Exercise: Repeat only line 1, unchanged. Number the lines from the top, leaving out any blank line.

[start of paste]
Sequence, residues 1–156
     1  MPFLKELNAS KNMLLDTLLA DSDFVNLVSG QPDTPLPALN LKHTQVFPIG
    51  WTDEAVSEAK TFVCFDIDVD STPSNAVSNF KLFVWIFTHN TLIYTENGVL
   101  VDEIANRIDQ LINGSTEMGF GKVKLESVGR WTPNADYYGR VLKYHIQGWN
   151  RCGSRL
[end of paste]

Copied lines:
Sequence, residues 1–156